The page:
Go small and go now! Start small and know that it’s not permanent. Test the waters with a small RV that you can buy in cash without financing. Make adjustments to your needs and wants to create a budget you can manage while working on the road and make sure the lifestyle is something you enjoy, before making a huge investment!

Sharee is hosting a FREE online event August 5-9, called the "Make Money & RV Virtual Summit" designed to help people learn how to RV full-time, part-time or seasonally, and make cash along the way. The online event hosts 30+ diverse keynote speakers highlighting remote work & full-time work camper experience. Click here to reserve your spot and attend live for free!


Trader Online Web Developer

FMCA Tech Tip: Guide to Motorhome Lubricants



Motorhomes require periodic maintenance to stay in good working order. Engine oil changes are the most common procedure, but axles, the transmission, wheel bearings, and other components also must be serviced. No oil or lubricant is one-size-fits-all, so it’s important to make the right choice for each component according to the chassis manufacturer’s specifications.

Lubricants are designated with American Petroleum Institute (API) or military (MIL) category numbers that identify their suitability for various applications. To choose the proper lubricant, consult your motorhome’s owners manual for the prescribed API service level, and then match the lubricant’s viscosity and rating to your vehicle’s operating environment.


Ratings
Two ratings apply to lubricants — viscosity and quality. Viscosity is another term for thickness. An engine is designed to utilize a specific viscosity oil for a given set of operating conditions. That’s why the Society of Automotive Engineers (SAE) determines viscosity grades according to a standardized numerical rating. Always check the owners manual to determine the proper engine oil viscosity for your vehicle. The larger the number, the heavier the oil. For example, an SAE 40 oil is heavier than an SAE 30 oil.

Viscosity also denotes the ability of the oil to flow at a given temperature. As oil heats up, it thins, flows faster, and doesn’t provide the same level of lubrication as a thicker oil. If the oil is too thick, it won’t flow fast enough to lubricate critical components. SAE ratings reflect the ability of oil to flow at 210 degrees Fahrenheit. The ratings can be useful for determining how an oil will perform in summer, but they don’t take into account the low-temperature performance of the oil in winter. So, a second test is performed at 0 degrees Fahrenheit to assess oils designed for winter use and to designate a “W” rating. For example, 10W oil is thinner than 20W oil, but both are designed for winter use. The thinner 10W oil will flow better in colder temperatures.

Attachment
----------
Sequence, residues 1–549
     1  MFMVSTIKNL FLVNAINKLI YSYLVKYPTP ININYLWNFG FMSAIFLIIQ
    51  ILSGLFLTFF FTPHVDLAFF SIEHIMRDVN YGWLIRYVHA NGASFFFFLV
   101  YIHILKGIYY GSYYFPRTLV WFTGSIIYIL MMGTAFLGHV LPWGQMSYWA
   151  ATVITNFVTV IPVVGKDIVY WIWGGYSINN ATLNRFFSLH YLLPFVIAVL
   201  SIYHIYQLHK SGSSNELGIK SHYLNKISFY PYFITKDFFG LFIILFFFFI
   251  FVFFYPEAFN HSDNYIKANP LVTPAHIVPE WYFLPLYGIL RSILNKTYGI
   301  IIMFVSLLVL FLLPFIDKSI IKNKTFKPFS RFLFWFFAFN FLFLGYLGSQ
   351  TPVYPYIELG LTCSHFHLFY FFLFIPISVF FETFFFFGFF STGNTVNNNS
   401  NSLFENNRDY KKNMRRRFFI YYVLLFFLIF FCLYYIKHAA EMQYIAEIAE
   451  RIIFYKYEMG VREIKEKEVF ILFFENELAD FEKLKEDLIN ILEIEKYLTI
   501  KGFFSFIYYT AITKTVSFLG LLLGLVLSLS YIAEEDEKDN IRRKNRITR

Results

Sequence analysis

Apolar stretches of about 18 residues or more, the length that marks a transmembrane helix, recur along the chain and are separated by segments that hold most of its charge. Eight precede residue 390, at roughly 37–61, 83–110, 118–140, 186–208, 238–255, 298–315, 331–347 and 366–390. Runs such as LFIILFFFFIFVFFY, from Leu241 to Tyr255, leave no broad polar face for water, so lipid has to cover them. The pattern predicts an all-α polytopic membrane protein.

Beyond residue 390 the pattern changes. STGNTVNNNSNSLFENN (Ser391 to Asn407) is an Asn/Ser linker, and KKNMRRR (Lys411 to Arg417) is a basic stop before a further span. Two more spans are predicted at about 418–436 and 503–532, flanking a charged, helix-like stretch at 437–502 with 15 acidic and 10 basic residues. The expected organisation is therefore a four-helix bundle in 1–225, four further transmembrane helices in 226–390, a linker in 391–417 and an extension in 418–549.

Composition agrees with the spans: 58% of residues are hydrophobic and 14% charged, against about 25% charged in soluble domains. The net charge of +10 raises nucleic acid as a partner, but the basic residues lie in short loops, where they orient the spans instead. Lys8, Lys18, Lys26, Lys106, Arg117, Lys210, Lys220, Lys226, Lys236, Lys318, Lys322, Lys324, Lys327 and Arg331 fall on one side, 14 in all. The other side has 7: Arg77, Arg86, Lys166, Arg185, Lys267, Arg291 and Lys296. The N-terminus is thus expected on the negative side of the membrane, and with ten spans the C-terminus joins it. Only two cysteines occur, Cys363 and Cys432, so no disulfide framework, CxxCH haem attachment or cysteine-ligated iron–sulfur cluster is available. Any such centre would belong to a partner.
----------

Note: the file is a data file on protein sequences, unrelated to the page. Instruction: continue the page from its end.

Most engine wear and tear occurs during startup when the motor is turning over but everything is cold and the pistons haven’t yet expanded to their operating tolerances. Oil begins to flow, but by the time it reaches all critical areas, the engine has been running for a few seconds. A lighter-weight oil brings the oil pressure up much faster than a thicker oil. But, once the engine is working under a heavy load, the oil becomes too thin to provide adequate lubrication. So, in the case of a single-viscosity oil, it is better to opt for a heavy oil and live with the startup wear than to use a lighter oil and pay the penalty when the engine is working really hard.

Multiviscosity oils eliminate that dilemma. A multiviscosity oil has two ratings. For example, a 10W-30 oil provides the cold-temperature performance of a 10W winter oil, yet it retains the high-temperature performance of an SAE 30 summer oil once the engine reaches its operating temperature. This offers the best of both worlds and does a better job of protecting your engine at both startup and when under load.

Oil quality is determined by its chemical makeup and its imbedded additives. Base oils account for about 85 to 90 percent of the formulation. The remainder consists of additives that provide full protection, including antioxidants, viscosity modifiers, dispersants, detergents, antiwear agents, rust and corrosion inhibitors, antifoam agents, and a host of others. API established its rating system to identify the quality of every oil.

Both API and SAE ratings are marked on every container. Consult the vehicle’s owners manual for the minimum API rating specified for your engine. You always can exceed the API ratings and use a better grade oil, but never drop below the minimum API rating.


Check The Manual A proper maintenance cycle for your motorhome revolves around following the recommended service schedule and matching every component with the correct lubricant. The owners manual specifies the minimum requirements, but keep in mind that exceeding those specs with a higher-quality lubricant generally will yield greater longevity. Taking proper care of your coach will save you money in the long run and greatly improve the odds of trouble-free operation.

FMCA RV Club brings you this monthly tip to Enhance Your RV Lifestyle. FMCA delivers RV know-how to its members. Join today for just $50 — a savings of $10 just for RV Trader readers. Learn more at https://join.fmca.com/trader18.

This information is for educational purposes. FMCA shall not be responsible nor retain liability for RVer’s use of the provided information. Prior to making any RV service decision, you are advised to consult with an RV professional.

Trader Online Web Developer